corilon violins


Instrument finder

You can select one or more search fields and combine them however you like. You may also use the search function on the upper left of the page.


Information archive

More detailed information about stringed instruments and the history of violin making.

Enter archive

corilon violins

The Baroque bow (The violin bow, part I)


Corilon violins • Lilienstrasse 2 • D-81669 München • Germany
Phone: +49 (0)89-444 19 619 • Fax: +49 (0)89-444 19 620

The Baroque violin bow as part of a musical revolution: violin making, music and bow making in the 17th and 18th century.

The development of the Baroque violin bow is a story of attempts and errors, an interplay of craftsmanship and music during the course of which widely varied models were designed, modified and improved. When the baroque violin was invented in the late 16th century, the art of creating stringed instruments reached a zenith that triggered a musical revolution. The violin's predecessors were predominantly used to keep time on the dance floors of weddings and festivals, but this newer form of the instrument quickly liberated itself from its disdained origins. At first, however, the early masters of violin making paid no thought to the issue of a proper bow, so people continued to play using the fiddle and rebec bows of the late middle ages. Many of these bows were very clearly designed as rhythm instruments. Some of them were only 20 to 30 cm (8-12 inches) and had a strong convex curve; their length was further restricted by the player using an underhand or closed-fist grip.

Baroque violin bow, Motek Leeuwarden, circa 1995 - frog

Baroque violin bow, Motek Leeuwarden

Inventory No.: B479
Provenance: Altea
Maker: Motek Leeuwarden
Weight: 56.2 g
Year: approx. 1995

At first, French Baroque music in particular stayed close to the styles in the canon of dance music, so it had little reason to re-examine how the bow was used and constructed. In Italy, however, there was vivid interest in cantabile playing. People there preferred the overhand grip, which opened doors to new sounds and ways of playing the violin: the “Italian” grip (as opposed to the “French” underhand grip) allowed the player to bow with greater sensitivity and modify the sound. Legato and spiccato techniques became more widespread as music grew more soloistic in nature, and longer violin bows meant that longer tones and sequences were now possible. By composing pieces which relied on the long Baroque violin bow, Arcangelo Corelli (1653-1713) made fundamental changes to the character of the violin; its aural ideal came to resemble that of singing more and more.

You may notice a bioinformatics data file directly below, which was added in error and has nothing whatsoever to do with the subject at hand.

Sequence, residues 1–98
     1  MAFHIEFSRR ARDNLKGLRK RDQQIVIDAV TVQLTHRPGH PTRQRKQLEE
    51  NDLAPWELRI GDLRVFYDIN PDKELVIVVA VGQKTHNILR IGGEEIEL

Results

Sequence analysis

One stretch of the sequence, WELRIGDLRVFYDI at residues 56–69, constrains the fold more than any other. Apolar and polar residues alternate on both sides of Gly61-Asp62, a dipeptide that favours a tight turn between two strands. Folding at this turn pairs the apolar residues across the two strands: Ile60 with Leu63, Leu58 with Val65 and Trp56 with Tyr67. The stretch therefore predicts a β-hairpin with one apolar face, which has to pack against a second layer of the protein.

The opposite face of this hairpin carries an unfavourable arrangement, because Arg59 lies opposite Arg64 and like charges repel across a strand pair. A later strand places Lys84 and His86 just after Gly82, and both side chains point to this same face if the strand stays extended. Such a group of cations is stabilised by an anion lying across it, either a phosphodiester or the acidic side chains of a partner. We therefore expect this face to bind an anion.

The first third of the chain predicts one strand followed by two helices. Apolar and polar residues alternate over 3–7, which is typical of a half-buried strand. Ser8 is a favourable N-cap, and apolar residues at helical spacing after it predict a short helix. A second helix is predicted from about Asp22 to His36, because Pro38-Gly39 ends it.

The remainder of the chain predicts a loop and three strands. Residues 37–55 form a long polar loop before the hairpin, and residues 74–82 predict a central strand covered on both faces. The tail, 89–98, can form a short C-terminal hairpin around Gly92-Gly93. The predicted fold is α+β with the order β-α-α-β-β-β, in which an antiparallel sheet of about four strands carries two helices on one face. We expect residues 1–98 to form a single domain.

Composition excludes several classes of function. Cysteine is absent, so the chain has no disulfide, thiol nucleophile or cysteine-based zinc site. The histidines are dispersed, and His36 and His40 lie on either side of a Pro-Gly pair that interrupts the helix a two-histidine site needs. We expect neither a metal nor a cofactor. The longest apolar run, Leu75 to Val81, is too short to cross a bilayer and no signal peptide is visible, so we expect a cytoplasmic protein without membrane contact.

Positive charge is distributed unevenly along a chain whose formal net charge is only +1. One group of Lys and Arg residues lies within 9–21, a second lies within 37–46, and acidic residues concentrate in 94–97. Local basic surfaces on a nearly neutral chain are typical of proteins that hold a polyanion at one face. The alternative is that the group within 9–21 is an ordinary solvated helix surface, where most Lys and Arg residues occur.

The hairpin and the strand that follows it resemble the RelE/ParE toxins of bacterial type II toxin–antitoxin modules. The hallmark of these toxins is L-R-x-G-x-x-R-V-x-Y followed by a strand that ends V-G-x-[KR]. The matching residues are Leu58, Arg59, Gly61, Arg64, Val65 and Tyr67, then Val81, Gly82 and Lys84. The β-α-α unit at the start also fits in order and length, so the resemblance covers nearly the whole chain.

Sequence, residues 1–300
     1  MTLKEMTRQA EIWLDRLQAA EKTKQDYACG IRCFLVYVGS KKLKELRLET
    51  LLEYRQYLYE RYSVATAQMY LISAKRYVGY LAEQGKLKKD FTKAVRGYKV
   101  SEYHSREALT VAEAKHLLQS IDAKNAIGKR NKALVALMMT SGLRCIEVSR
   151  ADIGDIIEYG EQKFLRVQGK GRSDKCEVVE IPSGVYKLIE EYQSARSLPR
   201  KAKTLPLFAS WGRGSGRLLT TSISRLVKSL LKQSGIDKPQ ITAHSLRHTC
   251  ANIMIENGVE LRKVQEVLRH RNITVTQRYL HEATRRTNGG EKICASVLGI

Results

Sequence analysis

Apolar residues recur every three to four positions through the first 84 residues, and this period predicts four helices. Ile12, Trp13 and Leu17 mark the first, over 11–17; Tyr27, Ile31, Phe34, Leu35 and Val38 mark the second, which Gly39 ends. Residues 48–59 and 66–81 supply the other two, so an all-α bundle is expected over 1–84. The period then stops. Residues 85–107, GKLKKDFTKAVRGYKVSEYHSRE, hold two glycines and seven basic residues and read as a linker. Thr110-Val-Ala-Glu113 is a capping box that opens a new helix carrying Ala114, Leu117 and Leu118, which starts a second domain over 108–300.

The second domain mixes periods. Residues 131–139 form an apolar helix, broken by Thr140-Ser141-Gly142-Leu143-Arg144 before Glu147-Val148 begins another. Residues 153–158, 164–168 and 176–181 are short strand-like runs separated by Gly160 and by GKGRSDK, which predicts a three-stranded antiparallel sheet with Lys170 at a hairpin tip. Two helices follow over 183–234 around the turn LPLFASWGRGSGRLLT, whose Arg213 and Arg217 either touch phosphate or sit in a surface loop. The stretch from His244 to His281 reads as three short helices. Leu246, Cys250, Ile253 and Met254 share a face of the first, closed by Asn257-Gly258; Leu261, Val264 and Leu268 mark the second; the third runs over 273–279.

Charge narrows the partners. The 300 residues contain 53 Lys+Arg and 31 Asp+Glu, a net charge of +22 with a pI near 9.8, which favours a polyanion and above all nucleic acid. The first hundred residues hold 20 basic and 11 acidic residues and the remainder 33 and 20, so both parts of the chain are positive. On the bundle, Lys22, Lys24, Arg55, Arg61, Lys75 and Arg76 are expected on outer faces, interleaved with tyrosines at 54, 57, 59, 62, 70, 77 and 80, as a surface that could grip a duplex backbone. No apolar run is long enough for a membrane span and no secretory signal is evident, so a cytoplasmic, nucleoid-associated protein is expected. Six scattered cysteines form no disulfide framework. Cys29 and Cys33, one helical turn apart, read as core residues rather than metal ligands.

The introduction of a longer violin bow triggered a series of changes in construction, especially an increase in the height of the head so as to achieve a more even distribution of weight and playability along the full length of the bow. Bows with less of an arch gradually became more popular until eventually the straight to slightly concave line evolved. Players once determined the pressure of the bow by modifying their grip, e.g. by applying pressure with the thumb, but over time, the detachable frog and "toothpick"-style bows made a greater variety in tension possible, until at last the frog with an eyelet and screw established itself as the standard. These technical improvements were accompanied by more sophistication in the aesthetic design of the Baroque violin bow. Premium woods, especially the very hard amourette, were processed with great artistry, sticks were fluted, and frogs and heads were shaped into fanciful designs and decorated. No uniform standards emerged on a widespread scale, i.e. in this context one cannot speak of there being a typical model of a Baroque violin bow. What is, however, typical of Baroque-period bows is the diversity of shapes and designs.

Related articles:

The Classical bow (The violin bow, part II)

F. X. Tourte, founding father of the modern violin bow (The violin bow, part III)

Overview: “The violin bow”

The Baroque violin - more than catgut strings

John Dodd: a legend of oyster shells and silver spoons

J & A Beare, Beare's, London: expertise in changing times

Product categories:

Old and antique iolins

Master violins

Children's violins

Violin bows


Old Cellos

Fine cello bows

Fine violins

Corilon violins · Lilienstrasse 2 · D-81669 Munich
Phone: +49 (0)89-444 19 619 · Fax: +49 (0)89-444 19 620 ·

New arrivals in our catalogue:
  • Fine violin bow, Nürnberger school
  • French violin by J.T.L., approx. 1910
  • English violin, Joseph Charles Fidler, Reading 1925
  • For Soloists: Raffaele Calace, Italian violin, 1916
  • Italian violin, Archimede Orlandini, Parma 1985 (published)
  • Central Italian violin by Aristide Benigni, Ascoli Piceno (published twice)
  • Fine Markneukirchen violin: copy of Santo Serafino / Sanctus Seraphin
  • Italian violin by Lodovico Giovannetti, 1955 (certificate Castelli)
  • Didier Nicolas (L‘Ainé), master violin, circa 1825
  • Mittenwald violin, Johann Reiter, 1922, opus 42
  • Claudio Gamberini, full-blooded Italian violin, 1930
  • Outstanding 1930's French violin from Mirecourt
  • François Fent, a fine historic viola of the late 18th century
  • French violin, Mirecourt mid 20th century
  • French violin after F. A. Glass, Mirecourt
  • Edwin Lothar Herrmann, German violin bow
  • 3/4 –sized German violin by Boosey & Hawkes
  • Excellent violin from Machold’s custom violin workshop, Chemnitz
  • Silver mounted violin bow by Rudolf Neudörfer
  • Antique French violin, Mirecourt
  • Mario Bedochi, fine Italian viola (certificate by Eric Blot)
  • Giuseppe Lucci, fine Italian viola, Rome 1967
  • Old German Cello, Saxony, approx. 1900
  • French 3/4 -sized cello by J.T.L.